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Brad Nelson, NSSRA Board Chairman, Completes Sept. 7 Wisconsin IronMan Triathlon


October 21, 2014

BNBrad Nelson is our hero! Not only does he own a great snow sports shop, Hi Tempo Snowsports, volunteer his time to lead the NSSRA board, and do many other things as an industry leader, he is also now a member of a very elite group: IronMan triathlon finishers. We asked him about the experience and what it took to get ready for 140.6 miles of swimming, biking, and running. Here is his account:

The entire Ironman experience has been one of the defining moments of my life. This all started for me about two years ago. After cheering on my daughter in her previous 3 Ironman events I found my thinking about doing an Ironman move from “no way” to “I wonder if…”. Two years ago I decided on a two year goal of doing this before I turned 60. I play hockey twice a week and had a minimal level of fitness because of that but wasn’t at all ready for an event like an Ironman.

The swim was my biggest concern. If I had fallen out of a boat I would have been able to swim to shore but I didn’t know how to swim anywhere near like what it would take to do a triathlon. My mantra through this entire event was “if it’s been done, it must be possible”. So I took lessons and gradually got more and more comfortable at longer distances. I tried some sprint events that first year and worked up to a half iron by the end of that season. It was time to fish or cut bait on the idea and after volunteering at the Madison Wisconsin IM (necessary to get a priority registration slot for the following years event) I signed up for IM 2014.

I have to admit that I had under-anticipated the amount of training it would take to get ready for this. The January before the September Ironman I hired a training coach and a swim coach and between the two of them they whipped me into shape. They started my workout program 7 months before the event with 6 days/wk of swim bike run workouts of about an hour each. That built up to the final month of training where it was 6 days a week at about 20+ hours/week. The hardest part of the entire experience was making the time for the last month of training.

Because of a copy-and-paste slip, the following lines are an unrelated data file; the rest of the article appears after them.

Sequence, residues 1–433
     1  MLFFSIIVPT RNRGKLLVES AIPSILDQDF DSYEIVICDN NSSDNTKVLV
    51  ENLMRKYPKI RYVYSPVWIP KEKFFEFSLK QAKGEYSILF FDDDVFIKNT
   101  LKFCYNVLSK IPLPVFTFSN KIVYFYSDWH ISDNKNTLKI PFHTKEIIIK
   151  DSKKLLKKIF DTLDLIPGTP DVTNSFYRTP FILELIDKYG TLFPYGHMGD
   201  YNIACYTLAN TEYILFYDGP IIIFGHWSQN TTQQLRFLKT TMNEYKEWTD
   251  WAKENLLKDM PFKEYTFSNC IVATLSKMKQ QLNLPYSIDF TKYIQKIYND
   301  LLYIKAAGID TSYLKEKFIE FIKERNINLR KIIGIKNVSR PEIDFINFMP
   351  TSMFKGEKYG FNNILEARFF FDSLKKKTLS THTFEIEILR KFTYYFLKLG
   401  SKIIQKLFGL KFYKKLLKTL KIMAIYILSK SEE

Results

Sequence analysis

I’ve thought that for “regular” people like me, an event like this was my “Everest”. The day of the event was my chance to step onto the summit and achieve a tough goal. In no way was this event a race. It was a chance to hang out with a bunch of other “regular” people that had earned an opportunity to enjoy the day and in the end, join a small community of people that can call themselves an Ironman.BN2

I expect that everyone that has finished an Ironman would say that the last 200 yards of the 140.6 miles is unlike any experience they have ever had. The sense of accomplishment, the roaring crowds, the congratulatory pats on the back from hundreds of anonymous strangers are absolutely overwhelming. It’s the reason so many of us break into tears in the finish paddock.

For all the people that have ever thought about doing an Ironman and told themselves that they could never do it, I would say, “you absolutely can do this”, and it is absolutely worth the effort. If a 59 year old non-athlete can do it, you can do it. Like most worthwhile goals in life, if you commit to the process you will achieve the goal.

Congratulations, Brad! You’re an inspiration to us! For more information about The National Snow Sports Retailers Association, and becoming a member, please contact Brad Nelson at